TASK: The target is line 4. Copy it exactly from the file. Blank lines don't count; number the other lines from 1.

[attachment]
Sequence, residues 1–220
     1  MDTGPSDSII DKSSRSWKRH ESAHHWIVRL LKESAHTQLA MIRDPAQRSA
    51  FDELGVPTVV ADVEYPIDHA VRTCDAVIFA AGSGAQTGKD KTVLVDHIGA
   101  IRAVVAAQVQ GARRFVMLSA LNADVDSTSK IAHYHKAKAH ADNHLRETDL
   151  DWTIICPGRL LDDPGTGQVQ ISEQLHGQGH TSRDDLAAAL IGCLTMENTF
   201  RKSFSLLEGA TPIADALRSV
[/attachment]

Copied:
   101  IRAVVAAQVQ GARRFVMLSA LNADVDSTSK IAHYHKAKAH ADNHLRETDL